# Evaluate $\lim_{n \rightarrow \infty} \int_0^1 \frac{nx^{n-1}}{2+x} dx$

Evaluate $$\lim_{n \rightarrow \infty} \int_0^1 \frac{nx^{n-1}}{2+x} dx$$.

Attempt:

Let $$h(x)=x^n$$. Then $$nx^{n-1} = h'(x)$$.

I'm thinking about using the Dominated Convergence Theorem.

So $$f_n= \frac{nx^{n-1}}{2+x}$$.

But I'm not sure what the limit of $$f_n$$. And I couldn't find any bounds for $$f_n$$.

So I don't know if DCT will work here.

If DCT doesn't apply here, what would be a good way to solve this?

Thanks.

• The limit is $1/3$, two different approaches to solve: 1) integrate by parts using $nx^{n-1}=(x^n)'$; 2) substitute $x^n=y$. Feb 7 at 23:55

tl;dr: you can use the DCT after the change of variable.

If you want to use the DCT (it's overkill, but why not?): first, do the change of variable $$u = x^{n}$$ you were thinking of. Then, $$\int_0^1 \frac{n x^{n-1}}{2+x}dx = \int_0^1 \frac{1}{2+u^{1/n}}du$$ and you can now apply the DCT to the new integral (the dominating function being, for instance, $$g=1/2$$). This gives you $$\int_0^1 \frac{n x^{n-1}}{2+x}dx = \int_0^1 \frac{1}{2+u^{1/n}}du \xrightarrow[n\to\infty]{} \int_0^1 \frac{1}{3}du = \frac{1}{3}$$ since the pointwise limit of $$f_n(u)=\frac{1}{2+u^{1/n}}$$ on $$(0,1]$$ is $$\frac{1}{3}$$.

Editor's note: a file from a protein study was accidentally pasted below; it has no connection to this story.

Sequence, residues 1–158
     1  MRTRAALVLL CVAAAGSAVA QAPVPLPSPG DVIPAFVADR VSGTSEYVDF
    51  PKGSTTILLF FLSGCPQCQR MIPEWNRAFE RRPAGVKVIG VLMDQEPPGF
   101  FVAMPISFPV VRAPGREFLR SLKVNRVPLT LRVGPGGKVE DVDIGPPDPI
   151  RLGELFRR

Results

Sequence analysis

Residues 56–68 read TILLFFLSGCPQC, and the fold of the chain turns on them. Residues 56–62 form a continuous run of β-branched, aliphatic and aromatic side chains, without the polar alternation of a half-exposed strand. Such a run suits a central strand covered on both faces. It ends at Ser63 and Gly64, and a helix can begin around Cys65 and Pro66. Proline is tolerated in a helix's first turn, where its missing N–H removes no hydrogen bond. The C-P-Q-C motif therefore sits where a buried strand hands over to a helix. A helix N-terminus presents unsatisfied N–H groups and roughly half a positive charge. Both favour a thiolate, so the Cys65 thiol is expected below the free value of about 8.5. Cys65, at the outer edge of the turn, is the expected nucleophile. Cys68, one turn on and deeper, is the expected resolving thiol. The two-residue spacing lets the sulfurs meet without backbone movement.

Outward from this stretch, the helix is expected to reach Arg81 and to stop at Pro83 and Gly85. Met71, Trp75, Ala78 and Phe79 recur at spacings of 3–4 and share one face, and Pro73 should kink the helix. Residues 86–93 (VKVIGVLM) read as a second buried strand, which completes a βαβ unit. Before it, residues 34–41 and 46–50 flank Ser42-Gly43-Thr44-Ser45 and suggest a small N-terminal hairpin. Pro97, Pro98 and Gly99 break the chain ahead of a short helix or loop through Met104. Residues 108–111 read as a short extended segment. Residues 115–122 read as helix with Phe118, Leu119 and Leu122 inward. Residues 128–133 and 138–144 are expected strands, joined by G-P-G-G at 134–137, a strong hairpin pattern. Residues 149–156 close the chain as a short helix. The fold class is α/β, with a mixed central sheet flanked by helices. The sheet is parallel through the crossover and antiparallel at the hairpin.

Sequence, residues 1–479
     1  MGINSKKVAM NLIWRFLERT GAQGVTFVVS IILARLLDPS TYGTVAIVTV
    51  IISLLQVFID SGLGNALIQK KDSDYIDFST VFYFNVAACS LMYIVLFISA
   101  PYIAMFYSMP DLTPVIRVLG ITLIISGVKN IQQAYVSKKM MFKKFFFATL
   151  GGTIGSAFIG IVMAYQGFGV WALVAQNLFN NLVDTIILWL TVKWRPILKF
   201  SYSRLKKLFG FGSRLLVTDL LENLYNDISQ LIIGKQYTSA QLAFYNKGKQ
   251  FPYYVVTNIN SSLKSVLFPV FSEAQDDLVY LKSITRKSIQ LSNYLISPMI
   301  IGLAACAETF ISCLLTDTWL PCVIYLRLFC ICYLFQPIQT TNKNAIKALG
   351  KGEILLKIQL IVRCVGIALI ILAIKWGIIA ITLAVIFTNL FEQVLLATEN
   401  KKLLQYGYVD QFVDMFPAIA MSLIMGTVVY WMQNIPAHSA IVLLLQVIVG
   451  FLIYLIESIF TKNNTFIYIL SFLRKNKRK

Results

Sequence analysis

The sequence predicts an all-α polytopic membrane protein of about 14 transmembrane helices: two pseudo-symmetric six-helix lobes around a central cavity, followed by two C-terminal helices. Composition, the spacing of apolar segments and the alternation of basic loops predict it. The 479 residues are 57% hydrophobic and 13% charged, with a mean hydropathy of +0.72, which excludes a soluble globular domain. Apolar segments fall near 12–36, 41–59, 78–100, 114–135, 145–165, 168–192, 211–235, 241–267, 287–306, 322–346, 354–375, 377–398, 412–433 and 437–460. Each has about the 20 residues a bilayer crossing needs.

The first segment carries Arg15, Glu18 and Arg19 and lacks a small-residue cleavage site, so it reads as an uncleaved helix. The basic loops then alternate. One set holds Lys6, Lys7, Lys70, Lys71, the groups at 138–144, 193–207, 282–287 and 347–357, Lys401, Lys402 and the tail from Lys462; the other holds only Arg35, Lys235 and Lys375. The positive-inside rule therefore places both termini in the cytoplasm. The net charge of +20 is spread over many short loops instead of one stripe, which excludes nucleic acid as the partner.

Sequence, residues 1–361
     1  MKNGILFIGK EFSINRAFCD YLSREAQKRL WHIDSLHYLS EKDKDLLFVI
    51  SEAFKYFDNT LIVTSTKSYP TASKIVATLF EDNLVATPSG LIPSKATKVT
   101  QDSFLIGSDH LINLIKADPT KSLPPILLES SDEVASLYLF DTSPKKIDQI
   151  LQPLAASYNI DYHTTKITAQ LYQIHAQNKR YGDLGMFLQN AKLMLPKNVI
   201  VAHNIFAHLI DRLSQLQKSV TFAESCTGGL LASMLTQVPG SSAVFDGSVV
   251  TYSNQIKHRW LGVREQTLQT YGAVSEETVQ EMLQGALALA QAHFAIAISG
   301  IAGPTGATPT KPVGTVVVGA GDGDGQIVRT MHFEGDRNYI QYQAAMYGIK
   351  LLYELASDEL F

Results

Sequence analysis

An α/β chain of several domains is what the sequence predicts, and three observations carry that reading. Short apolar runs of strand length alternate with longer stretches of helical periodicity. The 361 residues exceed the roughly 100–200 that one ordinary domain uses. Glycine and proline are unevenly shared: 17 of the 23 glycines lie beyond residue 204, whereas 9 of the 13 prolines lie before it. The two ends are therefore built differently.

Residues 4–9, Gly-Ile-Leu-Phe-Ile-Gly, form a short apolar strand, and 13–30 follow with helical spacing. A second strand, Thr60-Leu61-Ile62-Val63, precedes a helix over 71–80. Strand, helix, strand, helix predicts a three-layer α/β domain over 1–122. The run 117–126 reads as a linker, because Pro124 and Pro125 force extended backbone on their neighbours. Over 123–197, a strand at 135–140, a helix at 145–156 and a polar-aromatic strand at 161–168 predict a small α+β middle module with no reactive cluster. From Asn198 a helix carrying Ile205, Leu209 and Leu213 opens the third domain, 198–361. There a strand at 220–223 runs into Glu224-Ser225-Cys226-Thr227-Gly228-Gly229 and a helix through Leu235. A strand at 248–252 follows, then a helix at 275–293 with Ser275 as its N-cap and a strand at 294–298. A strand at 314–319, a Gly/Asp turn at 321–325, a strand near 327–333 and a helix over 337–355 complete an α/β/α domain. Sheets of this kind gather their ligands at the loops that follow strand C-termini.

The integrand strongly suggest a gaussian hypergeometric function with a last argument being $$\pm \frac x 2$$ $$I_n=\int\frac{nx^{n-1}}{x+2} dx=\frac{x^n}{2}-\frac{n\, x^{n+1} }{4 (n+1)}\, _2F_1\left(1,n+1;n+2;-\frac{x}{2}\right)$$ Assuming $$n>1$$ $$J_n=\int_0^1\frac{nx^{n-1}}{x+2} dx=\frac 12-\frac n{4(n+1)}\, _2F_1\left(1,n+1;n+2;-\frac{1}{2}\right)$$ $$\lim_{n\to \infty } \, \, _2F_1\left(1,n+1;n+2;-\frac{1}{2}\right)=\frac 23$$ $$J_n \sim \frac{1}{2}-\frac{n}{6 (n+1)}\quad \to\quad \frac 13$$

I think at least one of the suggested ways in metamorphy's comment should appear as answer:

Integration by parts gives:

$$\begin{eqnarray*}\int_0^1 \frac{nx^{n-1}}{2+x}dx & = & \left.\frac{x^{n}}{2+x}\right|_0^1 + \underbrace{\int_0^1\frac{x^{n}}{(2+x)^2}dx}_{I_n} \\ & = & \frac 13 + I_n \end{eqnarray*}$$

Now, without any dominated convergence you get

$$0\leq I_n \leq \frac 14\int_0^1x^n\;dx = \frac 1{4(n+1)}\stackrel{n\to\infty}{\longrightarrow}0$$